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Hayli @ Rise Smart

Great post! I think we all do this more than we care to realize, but hopefully your next post will enlighten us on how to stop, or at least do it less. I'll stay tuned.

Hayli @ Rise Smart

Sudden thought: Don't you think many people use this "I'm right, you're wrong" approach to try and move up the career ladder? In other words, they always have to appear right in front of the boss because they feel it makes them come across as more competent? And how much do you think a boss really values an employee "being right", versus "being respectful of others" and "being a team player." I guess it depends on the boss...

Steve Roesler


Your "sudden thought" brings up another aspect of this: the fact that bosses can promote or stop this kind of stuff as a result of their own responses.

I'm sure Peter will want to weigh in on this one as well...

Beth Robinson

What I've found since I've been paying more attention to my communication style is that this tendency can show up in more subtle ways than I would have originally thought. It's not necessarily about getting the other person to say they're wrong and you're right, but also about putting a truth (well, the truth as you see it, of course) in such a way that to acknowledge it the other person has to take a step back in their position instead of a step forward. That can be just enough tension to create pushback and escalation. I can't remember the exact conversation, but I do remember recognizing with an oops, back-pedaling, and rewording.

peter vajda

Hi, Hayli,

Being right, being respectful of others and being a team player are not mutually exclusive. One can be/do all three in a positive, honest, sincere, authentic and mutually-supportive way. It's only when ego drives the process that such behaviors can become fake and phony, and many folks, bosses included, can both see and sense this duplicity.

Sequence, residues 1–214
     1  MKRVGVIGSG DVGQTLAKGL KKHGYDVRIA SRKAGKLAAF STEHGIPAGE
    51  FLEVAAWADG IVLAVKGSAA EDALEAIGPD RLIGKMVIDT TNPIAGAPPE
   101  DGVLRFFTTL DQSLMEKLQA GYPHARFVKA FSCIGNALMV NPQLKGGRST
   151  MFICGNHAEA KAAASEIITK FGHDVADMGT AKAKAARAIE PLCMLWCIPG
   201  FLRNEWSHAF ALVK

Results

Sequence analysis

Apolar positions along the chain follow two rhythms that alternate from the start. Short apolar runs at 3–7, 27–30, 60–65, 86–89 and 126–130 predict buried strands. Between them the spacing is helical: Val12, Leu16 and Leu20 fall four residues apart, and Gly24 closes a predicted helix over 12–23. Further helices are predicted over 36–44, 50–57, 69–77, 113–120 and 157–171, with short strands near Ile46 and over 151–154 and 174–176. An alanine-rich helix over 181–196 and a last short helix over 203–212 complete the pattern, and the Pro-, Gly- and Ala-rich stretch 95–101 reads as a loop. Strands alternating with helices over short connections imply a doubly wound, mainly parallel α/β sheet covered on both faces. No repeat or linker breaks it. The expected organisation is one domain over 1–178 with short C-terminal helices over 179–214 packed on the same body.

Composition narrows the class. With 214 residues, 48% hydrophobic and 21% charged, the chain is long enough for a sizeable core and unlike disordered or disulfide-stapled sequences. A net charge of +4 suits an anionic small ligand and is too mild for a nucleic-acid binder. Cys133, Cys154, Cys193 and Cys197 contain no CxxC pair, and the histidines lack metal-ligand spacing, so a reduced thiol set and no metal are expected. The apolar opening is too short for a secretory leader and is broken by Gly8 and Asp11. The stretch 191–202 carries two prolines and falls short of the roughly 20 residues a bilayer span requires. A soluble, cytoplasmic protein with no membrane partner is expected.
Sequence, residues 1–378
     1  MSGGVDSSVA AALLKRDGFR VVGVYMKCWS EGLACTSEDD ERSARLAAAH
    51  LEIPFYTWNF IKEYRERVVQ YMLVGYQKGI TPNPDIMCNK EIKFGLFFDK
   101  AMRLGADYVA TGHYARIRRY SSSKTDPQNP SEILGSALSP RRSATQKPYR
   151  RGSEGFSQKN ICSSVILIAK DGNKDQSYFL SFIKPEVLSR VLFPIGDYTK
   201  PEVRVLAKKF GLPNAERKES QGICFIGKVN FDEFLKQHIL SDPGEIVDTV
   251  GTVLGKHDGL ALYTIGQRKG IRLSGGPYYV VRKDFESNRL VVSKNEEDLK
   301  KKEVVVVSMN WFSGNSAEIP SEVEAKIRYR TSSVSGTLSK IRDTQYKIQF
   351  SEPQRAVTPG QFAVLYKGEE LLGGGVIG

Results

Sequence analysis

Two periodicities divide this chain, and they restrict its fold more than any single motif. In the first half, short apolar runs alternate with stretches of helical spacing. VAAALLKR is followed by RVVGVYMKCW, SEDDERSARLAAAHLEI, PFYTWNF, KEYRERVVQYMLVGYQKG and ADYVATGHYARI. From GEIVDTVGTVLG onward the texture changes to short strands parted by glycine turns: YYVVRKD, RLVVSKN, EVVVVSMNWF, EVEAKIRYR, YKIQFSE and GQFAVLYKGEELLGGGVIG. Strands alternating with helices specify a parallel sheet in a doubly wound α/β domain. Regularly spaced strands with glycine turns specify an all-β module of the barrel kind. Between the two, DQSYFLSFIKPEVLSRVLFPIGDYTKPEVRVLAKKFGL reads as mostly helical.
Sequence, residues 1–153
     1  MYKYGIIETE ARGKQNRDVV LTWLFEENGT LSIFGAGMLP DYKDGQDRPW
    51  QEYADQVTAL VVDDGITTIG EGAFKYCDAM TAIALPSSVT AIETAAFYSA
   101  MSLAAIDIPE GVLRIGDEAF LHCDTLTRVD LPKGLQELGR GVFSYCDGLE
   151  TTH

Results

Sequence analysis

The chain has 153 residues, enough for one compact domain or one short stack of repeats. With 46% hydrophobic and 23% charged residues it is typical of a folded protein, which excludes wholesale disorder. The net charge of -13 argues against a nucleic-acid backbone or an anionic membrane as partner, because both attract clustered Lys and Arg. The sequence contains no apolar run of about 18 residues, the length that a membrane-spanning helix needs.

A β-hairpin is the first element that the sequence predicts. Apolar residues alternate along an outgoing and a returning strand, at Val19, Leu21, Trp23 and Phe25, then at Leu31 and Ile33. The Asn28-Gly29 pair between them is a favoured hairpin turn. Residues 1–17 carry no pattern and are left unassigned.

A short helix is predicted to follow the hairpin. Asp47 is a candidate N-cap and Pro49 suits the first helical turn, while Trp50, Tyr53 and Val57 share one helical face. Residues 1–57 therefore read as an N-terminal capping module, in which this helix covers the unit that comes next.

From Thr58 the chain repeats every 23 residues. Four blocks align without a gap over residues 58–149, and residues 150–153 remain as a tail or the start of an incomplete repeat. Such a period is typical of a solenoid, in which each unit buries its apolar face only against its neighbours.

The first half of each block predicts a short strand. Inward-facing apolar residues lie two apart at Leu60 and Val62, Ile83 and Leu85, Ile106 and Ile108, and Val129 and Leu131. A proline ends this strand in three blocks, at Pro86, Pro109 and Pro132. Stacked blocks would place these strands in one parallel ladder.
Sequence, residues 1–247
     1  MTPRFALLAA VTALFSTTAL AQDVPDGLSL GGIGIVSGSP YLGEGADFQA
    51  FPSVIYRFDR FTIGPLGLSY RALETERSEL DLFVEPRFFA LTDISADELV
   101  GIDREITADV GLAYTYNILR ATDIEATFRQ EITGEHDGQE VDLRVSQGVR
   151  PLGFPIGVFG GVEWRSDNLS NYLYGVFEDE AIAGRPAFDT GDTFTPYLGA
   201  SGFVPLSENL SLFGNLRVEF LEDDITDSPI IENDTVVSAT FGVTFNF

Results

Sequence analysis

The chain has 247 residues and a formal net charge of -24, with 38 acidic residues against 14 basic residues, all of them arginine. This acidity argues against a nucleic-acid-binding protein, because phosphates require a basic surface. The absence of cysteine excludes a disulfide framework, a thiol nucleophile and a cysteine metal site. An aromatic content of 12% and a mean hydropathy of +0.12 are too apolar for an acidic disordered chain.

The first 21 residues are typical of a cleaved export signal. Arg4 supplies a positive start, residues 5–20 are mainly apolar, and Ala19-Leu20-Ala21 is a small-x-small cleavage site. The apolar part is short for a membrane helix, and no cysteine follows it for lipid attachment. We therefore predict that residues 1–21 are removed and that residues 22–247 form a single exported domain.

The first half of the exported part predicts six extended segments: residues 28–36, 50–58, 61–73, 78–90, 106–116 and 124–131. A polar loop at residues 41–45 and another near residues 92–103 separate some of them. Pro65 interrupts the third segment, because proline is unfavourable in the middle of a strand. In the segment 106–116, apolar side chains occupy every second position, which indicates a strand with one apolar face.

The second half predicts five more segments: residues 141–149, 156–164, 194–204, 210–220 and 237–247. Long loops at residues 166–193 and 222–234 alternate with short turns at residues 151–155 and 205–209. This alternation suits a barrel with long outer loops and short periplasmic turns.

Continuing Steve's point, discerning bosses and colleagues are able to spot the disconnects and if they are caring, skilled and compassionate can tug on another's sleeve and support them to be authentic...without having to shore themsleves up, or otherwise come across as disrespectful, needing to be "right" all the time, etc.

Folks who are secure in their own skin don't have the need to continually act in a way that says, "See me! See me! I am somebody! I am right! I am competent!" Secure folks show up and are seen and noticed...without having to make it obvious.

peter vajda

Hi, Beth,

Good points. First, much of the tendency to "be right at the expense of your being wrong" is learned behavior and for many is a blind spot. They do do it as that's how they learned to protect themsleves (from feeling "bad" or "wrong" or "less than" or "not enough" in some way, shape or form) as they grew up and now as adults exhibit this patterned behavior as a matter of course. It's who they are and until or unless they can see this in themselves or someone supports them by pointing it out, they continue the pattern.

Asking questions is a wonderful way for people to reach common ground...and by this I mean understanding one another, not necessarily agreeing, and be on a level playing field without having to shore myself up by putting another down.

Perhaps "tugging on my own sleeve" before I comment can help me reframe:

"What am I wanting to achieve here?" "How might what I say come across as defensive, pushy, all-knowing, self-righteous? "Is what I'm about to say coming from my own need to be right?" "What am I sensing in my body? -- as the body will ALWAYS tell one the truth of the situation. "What do I want for me, for the other person and for our relationship?"

It's about "conscious" communication, not reactive communication.


I think with the burst of social media on the scene, it's making the right/wrong issue even more difficult. By hiding behind a virtual current or a "place" like Facebook or even Twitter - people feel more apt to say things they would never say to someone's face. It's making common decency a thing of the past.
As someone that runs their business totally online - (and has an on-air radio background) - I strive to build rapport. And I think this is donw best by LISTENING. Forget being "right" - and just listen. That's the best advice I can give.

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